Obesity Surgery

, Volume 17, Issue 2, pp 176–184 | Cite as

Resolution of Diabetes Mellitus and Metabolic Syndrome following Roux-en-Y Gastric Bypass and a Variant of Biliopancreatic Diversion in Patients with Morbid Obesity

  • Theodore K. Alexandrides
  • George Skroubis
  • Fotis Kalfarentzos


Obesity is associated with increased prevalence of type 2 diabetes mellitus (DM2) and metabolic syndrome and increased morbidity and mortality. Bariatric surgery results in significant and long-term weight loss. Two of the most effective and popular bariatric procedures are Roux-en-Y gastric bypass (RYGBP) and biliopancreatic diversion (BPD). The objective of this study was to investigate the effects of RYGBP and BPD-RYGBP, a variant of BPD with a lower rate of metabolic deficiencies than BPD, on DM2 and the major components of metabolic syndrome in patients with morbid obesity and DM2.


The prospective database of our unit, from June 1994 until May 2006, was analyzed and 137 patients with DM2 were found. 26 underwent RYGBP (BMI 46.1±2.9 kg/m2) and 111 BPD-RYGBP (BMI 59.7±10.6 kg/m2). 7 of the patients were on insulin (4.90%) and 37 on oral hypoglycemic agents (25.87%). Pre- and postoperative medications, and clinical and biochemical parameters were considered in the analysis. The mean follow-up was 26.39±21.17 months.


Excess weight loss was ∼70% after either procedure. DM2 resolved in 89% and 99% of the cases following RYGBP and BPD-RYGBP, respectively. 2 years after BPD-RYGBP all the patients had blood glucose <110 mg/dl, 95% had normal cholesterol, 92% normal triglycerides and 82% normal blood pressure. The respective values following RYGBP were 66%, 33%, 78% and 44%. Uric acid decreased significantly only after BPD-RYGBP. Liver enzymes improved in both groups.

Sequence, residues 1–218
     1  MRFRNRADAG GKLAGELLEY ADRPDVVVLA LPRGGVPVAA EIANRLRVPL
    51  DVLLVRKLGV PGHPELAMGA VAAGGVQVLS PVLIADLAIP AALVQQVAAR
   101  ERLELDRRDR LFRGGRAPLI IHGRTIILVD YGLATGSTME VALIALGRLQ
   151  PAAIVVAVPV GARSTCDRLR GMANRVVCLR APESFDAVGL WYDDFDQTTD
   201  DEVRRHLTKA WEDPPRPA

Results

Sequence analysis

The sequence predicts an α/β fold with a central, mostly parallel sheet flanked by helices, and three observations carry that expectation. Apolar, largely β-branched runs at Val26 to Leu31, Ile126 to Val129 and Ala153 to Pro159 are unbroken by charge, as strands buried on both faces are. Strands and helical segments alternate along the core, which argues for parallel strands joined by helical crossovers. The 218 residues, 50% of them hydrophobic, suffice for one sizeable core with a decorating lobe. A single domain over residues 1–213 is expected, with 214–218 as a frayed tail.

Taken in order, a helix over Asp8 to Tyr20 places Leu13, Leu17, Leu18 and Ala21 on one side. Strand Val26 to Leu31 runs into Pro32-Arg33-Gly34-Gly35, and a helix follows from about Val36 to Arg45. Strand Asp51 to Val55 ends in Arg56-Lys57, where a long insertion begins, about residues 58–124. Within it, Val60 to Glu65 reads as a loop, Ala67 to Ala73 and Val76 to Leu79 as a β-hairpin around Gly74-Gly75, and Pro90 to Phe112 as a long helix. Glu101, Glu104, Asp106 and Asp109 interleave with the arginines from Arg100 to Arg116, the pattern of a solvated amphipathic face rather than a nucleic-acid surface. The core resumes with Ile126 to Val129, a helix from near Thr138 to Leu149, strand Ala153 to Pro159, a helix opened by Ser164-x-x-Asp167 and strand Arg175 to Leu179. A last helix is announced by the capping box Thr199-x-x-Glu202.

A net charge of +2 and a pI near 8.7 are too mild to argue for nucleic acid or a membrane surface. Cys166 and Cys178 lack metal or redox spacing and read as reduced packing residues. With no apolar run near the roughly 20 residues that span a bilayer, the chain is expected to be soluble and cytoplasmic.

RYGBP and BPD-RYGBP are safe and lead to normalization of blood glucose, lipids, uric acid, liver enzymes and arterial pressure in the majority of patients, although this variant of BPD was more effective than RYGBP.We suggest that further studies should also investigate its usefulness in patients with milder degrees of obesity, DM2 and metabolic syndrome.

Key words

Morbid obesity bariatric surgery diabetes metabolic syndrome gastric bypass biliopancreatic diversion 


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Copyright information

© Springer Science + Business Media B.V. 2007

Authors and Affiliations

  • Theodore K. Alexandrides
    • 1
  • George Skroubis
    • 2
  • Fotis Kalfarentzos
    • 3
    • 4
  1. 1.Associate Professor of Internal Medicine – Endocrinology, Head of Endocrine Division, Department of Internal MedicineSchool of Medicine, University of PatrasPatrasGreece
  2. 2.Lecturer of Surgery, Nutrition Support and Morbid Obesity Unit, Department of SurgerySchool of Medicine, University of PatrasPatrasGreece
  3. 3.Professor and Chairman of Surgery, Nutrition Support and Morbid Obesity Unit, Department of SurgerySchool of Medicine, University of PatrasPatrasGreece
  4. 4.Professor and Chairman, Department of SurgerySchool of Medicine, University of PatrasPatrasGreece

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